Why don't you wear a MM6 Maison Martin Margiela corduroy motorcycle jacket over a vintage silk cocktail dress and carry a vintage Walborg bag?

Why don’t you… MM6 Maison Martin Margiela corduroy motorcycle jacket, vintage silk cocktail dress, Walborg bag

Nora Ephron gave a commencement speech at Wellesley College in 1996 and said something I’ve cherished. “Whatever you choose, however many roads you travel, I hope that you choose not to be a lady. I hope you will find some way to break the rules and make a little trouble out there.” This statement occurs to me each time I look in my closet, tasked with finding something to wear. Unlike many of my peers, I missed out as a child on experimenting with fashion. I was never one of those kids, who on the path to self-expression, masterfully paired clashing items of their wardrobe to create an improbably chic outfit. My sisters and I were closed off from this creative process: we wore a uniform every day from kindergarten through to eighth-grade. In the Catholic school atmosphere we grew up in, there was no room for sartorial experimentation.

A direct consequence of my uniform years is that, as a teenager and college student, I abided by the fashion rules. A lady doesn’t wear white after Labor Day; she matches her bag to her shoes; she doesn’t show her knees past a certain age; a lady avoids black, white and pants when attending a wedding. But rather than finding comfort in my execution of the rules, I often felt insecure in whatever I had on. I didn’t take any joy in getting dressed. Wearing all white in the summer made me uneasy, as did wearing dresses to weddings. In college, I didn’t understand why it wasn’t socially acceptable for a woman to wear a jumpsuit or even pants to formal events. Then, in my late twenties, when I was about to become a bride, I was cautioned on all sides against the color black and dressing in pants.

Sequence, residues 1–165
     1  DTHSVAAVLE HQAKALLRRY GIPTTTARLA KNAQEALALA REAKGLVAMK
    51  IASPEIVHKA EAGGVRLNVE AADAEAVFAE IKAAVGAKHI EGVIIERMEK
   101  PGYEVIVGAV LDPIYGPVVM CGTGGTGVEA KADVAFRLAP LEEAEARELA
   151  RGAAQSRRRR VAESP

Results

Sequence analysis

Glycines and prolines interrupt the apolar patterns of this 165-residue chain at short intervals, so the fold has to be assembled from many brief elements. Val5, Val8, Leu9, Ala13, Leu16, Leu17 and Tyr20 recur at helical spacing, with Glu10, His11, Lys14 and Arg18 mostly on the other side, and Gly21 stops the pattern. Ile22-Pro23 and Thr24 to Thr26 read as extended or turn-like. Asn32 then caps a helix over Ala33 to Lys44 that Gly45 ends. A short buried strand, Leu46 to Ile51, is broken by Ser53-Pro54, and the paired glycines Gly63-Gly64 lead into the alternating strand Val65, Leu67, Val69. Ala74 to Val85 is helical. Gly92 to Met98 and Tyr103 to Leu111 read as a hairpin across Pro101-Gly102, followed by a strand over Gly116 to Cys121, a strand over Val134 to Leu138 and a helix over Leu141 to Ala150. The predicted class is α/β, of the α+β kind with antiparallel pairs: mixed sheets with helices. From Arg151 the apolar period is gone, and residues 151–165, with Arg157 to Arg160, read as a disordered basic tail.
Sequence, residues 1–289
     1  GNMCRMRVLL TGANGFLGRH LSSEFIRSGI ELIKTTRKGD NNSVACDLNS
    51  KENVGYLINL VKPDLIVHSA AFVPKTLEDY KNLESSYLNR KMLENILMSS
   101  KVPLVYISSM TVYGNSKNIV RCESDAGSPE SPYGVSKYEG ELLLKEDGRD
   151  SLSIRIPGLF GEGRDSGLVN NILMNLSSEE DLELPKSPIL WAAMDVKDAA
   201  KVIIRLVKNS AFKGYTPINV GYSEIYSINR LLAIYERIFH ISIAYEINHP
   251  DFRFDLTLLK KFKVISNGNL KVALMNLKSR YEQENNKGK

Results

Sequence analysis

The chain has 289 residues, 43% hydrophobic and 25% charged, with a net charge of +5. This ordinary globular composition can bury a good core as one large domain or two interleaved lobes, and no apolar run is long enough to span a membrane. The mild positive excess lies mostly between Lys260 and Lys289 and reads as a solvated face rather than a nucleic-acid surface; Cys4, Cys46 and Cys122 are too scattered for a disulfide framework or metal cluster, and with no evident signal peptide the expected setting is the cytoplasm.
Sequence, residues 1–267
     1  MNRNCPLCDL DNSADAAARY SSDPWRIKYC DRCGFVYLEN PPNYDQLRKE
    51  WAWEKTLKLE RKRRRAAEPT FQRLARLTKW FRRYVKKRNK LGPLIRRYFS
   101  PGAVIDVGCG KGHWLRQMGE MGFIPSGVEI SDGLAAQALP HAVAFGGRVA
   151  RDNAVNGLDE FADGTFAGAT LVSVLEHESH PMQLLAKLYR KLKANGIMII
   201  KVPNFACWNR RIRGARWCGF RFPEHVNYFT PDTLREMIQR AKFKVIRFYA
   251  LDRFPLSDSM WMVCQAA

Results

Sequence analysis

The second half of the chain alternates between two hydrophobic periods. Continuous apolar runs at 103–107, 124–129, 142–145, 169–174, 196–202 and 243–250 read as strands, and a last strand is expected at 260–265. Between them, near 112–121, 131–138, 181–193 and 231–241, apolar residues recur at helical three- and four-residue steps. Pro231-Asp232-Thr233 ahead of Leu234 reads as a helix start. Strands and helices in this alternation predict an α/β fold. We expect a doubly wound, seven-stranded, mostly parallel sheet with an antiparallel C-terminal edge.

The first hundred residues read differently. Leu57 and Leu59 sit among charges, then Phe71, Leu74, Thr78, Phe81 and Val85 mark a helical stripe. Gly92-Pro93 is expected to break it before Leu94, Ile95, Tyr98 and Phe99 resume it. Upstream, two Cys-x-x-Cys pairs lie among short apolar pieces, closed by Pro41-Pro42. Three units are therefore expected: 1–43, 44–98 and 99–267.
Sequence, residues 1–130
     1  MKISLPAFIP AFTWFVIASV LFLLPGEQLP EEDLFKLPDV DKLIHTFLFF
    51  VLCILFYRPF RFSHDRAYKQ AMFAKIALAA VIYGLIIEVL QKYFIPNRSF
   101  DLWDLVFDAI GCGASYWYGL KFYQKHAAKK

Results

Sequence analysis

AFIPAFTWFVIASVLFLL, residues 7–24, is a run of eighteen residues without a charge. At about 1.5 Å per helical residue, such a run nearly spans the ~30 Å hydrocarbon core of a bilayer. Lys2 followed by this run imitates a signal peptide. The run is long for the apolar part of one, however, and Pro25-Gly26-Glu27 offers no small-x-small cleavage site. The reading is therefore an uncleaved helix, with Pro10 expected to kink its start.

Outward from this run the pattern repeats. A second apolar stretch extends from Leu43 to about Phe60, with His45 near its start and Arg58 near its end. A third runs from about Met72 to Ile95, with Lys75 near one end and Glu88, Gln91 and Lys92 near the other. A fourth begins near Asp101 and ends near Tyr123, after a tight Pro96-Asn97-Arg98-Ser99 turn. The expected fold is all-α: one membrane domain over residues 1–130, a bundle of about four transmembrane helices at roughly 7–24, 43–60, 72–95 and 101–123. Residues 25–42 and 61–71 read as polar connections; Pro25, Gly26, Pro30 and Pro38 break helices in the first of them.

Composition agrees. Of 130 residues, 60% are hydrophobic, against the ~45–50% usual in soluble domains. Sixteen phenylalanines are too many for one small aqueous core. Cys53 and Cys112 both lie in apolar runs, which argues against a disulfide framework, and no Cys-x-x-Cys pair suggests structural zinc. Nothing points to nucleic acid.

At this point, I knew it was time to rebel and break the rules: I wanted to be the bride who wore both black and pants. I also wanted to experiment with oppositions, combining those colors and fabrics that are conventionally seen as incompatible:  purple with burnt orange, burnt orange with green, navy with black, brown with grey, velvet with brocade, tweed with chiffon, and floral prints with military separates. And while we’re at it, why not mix winter fabrics with summer fabrics? And layer a tough chic motorcycle jacket over a ladylike dress? Let’s incorporate feathers and sequins into a traditional daytime look. But contrast and opposition are not ladylike. And society places a great deal of pressure on women to dress appropriately. In her commencement address, Nora Ephron, a rule breaker, recognized that women are encouraged to follow convention, to avoid taking risks, to be ladies.

Like Ephron, Loulou de la Falaise was the kind of woman who never bothered with the rulebook. A bohemian with whimsical style, de la Falaise met Yves Saint Laurent in 1968 and became his lifelong muse and collaborator.  A jewelry designer for the Saint Laurent house, she once described her style in a Guardian interview as tomboy gypsy.  In refusing to conform to various fashion decrees, de la Falaise was extraordinarily stylish. Shortly after her death in 2011, Hamish Bowles wrote in Vogue, “she provided a walking embodiment of what real style-personal, quirky, unexpected, inspiring-could be.”

It seems to me, that not following the fashion rules matters because in the process of jettisoning certain dictates and trends, you arrive at a point of discovery.  It’s a moment in which you come to recognize what it is you truly admire about fashion. It’s not rebelliousness for the sake of rebelling; breaking the fashion rules is far more complicated than that. When a woman wears what’s unexpected she demonstrates a fearlessness that’s both empowering and engaging. Because breaking the rules is honest-a woman is being true to her own unique style-and that’s awfully courageous.

Loulou de la Falaise

Loulou de la Falaise, Vogue 1970; photo Richard Avedon

Loulou de la Falaise with Yves Saint Laurent; photo Guy Marineau

with Yves Saint Laurent; photo Guy Marineau

Loulou de la Falaise

circa 2008; Rizzoli has just released the first monograph detailing the life and work of Loulou de la Falaise